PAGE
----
Philippine Long Distance Telephone Co. [PLDT] v. NTC and ETCI [G.R. No.88404. October 18, 1990]

23 Nov


Private respondent Express Telecommunications Co., Inc. (ETCI) obtained from Congress Republic Act No. 2090 a franchise to establish radio stations for domestic and transoceanic telecommunications. Petitioner PLDT invoked the “prior operator” or “protection of investment” doctrine in its opposition to ETCI’s subsequent application for Certificate of Public Convenience and Necessity (CPCN). The National Telecommunications Commission (NTC) granted provisional authority to ETCI subject to the condition that it shall enter into “interconnection agreement” with PLDT. PLDT elevated the case to the Supreme Court pointing out ETCI’s defective legislative franchise to operate telecommunications system, among others. ETCI contends that PLDT’s special civil action must deal only on issues whether the NTC acted without jurisdiction of with grave abuse of discretion in granting ETCI the assailed provisional authority.



Whether or not:

(1) ETCI is entitled of provisional authority;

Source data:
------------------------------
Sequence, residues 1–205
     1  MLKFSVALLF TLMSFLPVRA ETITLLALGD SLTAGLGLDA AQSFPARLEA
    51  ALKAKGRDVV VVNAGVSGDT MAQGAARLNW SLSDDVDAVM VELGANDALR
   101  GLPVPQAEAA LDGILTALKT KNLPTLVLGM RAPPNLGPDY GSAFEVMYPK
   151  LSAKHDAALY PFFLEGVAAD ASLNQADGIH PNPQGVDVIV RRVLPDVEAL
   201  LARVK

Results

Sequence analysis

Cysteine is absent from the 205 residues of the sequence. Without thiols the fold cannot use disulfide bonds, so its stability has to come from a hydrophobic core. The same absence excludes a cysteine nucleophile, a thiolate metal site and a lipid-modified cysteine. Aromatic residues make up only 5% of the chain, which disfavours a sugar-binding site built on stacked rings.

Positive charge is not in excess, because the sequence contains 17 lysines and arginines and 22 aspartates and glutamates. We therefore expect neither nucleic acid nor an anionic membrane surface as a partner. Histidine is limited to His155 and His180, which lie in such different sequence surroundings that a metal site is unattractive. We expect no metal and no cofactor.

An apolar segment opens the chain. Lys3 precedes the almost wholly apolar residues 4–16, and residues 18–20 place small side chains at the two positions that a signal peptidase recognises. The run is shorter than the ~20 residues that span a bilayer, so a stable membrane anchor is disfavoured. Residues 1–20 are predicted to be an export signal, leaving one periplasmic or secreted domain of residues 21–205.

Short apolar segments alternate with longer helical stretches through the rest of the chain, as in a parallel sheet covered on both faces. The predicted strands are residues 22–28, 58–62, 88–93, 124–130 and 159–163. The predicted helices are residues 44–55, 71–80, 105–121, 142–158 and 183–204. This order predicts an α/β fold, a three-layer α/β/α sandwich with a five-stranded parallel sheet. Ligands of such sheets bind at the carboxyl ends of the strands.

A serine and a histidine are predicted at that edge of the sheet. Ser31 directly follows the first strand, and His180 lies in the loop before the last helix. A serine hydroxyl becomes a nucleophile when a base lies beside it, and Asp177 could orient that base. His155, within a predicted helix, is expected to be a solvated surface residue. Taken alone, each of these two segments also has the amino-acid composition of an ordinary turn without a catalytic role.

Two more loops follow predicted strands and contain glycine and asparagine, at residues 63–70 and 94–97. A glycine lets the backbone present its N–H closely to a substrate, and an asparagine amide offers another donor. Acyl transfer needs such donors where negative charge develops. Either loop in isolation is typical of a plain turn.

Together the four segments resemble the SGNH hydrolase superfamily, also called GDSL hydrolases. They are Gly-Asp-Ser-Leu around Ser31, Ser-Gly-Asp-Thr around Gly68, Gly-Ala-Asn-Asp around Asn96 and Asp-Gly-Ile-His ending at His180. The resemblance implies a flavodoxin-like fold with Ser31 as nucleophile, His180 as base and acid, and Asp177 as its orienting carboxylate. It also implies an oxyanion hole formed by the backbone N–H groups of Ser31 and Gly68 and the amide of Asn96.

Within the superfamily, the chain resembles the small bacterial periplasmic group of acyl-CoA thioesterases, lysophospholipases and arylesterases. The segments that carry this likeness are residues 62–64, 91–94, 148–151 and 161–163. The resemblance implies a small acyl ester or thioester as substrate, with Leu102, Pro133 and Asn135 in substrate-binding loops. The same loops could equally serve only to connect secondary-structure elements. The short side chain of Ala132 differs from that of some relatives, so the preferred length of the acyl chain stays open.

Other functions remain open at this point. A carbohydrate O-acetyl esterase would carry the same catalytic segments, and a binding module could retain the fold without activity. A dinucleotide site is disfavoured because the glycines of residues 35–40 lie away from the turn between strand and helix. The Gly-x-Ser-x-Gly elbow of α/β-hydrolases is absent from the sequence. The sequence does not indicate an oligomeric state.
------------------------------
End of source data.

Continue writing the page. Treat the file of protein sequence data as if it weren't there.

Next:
(2) R.A. No 2090 partakes ETCI’s valid legislative franchise;

(3) PLDT may refuse NTC Order to enter into “interconnection agreement” with ETCI;


(1) YES. The provisional authority is granted in a very limited sense: for a period of 18 months which may be revoked or revised by NTC, and applicable only in Metro Manila. Contrary to PLDT’s contention that it is nothing short of a Certificate of Public Convenience and Necessity (CPCN), basic differences exist. The issuance of CPCN is still subject to the exclusive prerogative of the NTC after full evaluation of the application.

(2) YES. The NTC construed the technical term in R.A. No. 2090 “radiotelephony” liberally as to include the operation of a cellular mobile telephone system. The construction given by an administrative agency deserves great weight and respect. To otherwise question the validity or applicability of R.A. No. 2090 is a collateral attack on the statute which is not allowed. A franchise is a property right and cannot be revoked or forfeited without due process of law. The determination of the right to the exercise of a franchise, or whether the right to enjoy such privilege has been forfeited by non-user, is more properly the subject of the prerogative writ of quo warranto.

(3) NO. The PLDT cannot justifiably refuse to interconnect. The interconnection which has been required of PLDT is a form of “intervention” with property rights dictated by the encompassing objective for the common good. The NTC, as the regulatory agency of the State, merely exercised its delegated authority to regulate the use of telecommunications networks when it decreed interconnection.

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Posted by on November 23, 2014 in Case Digests


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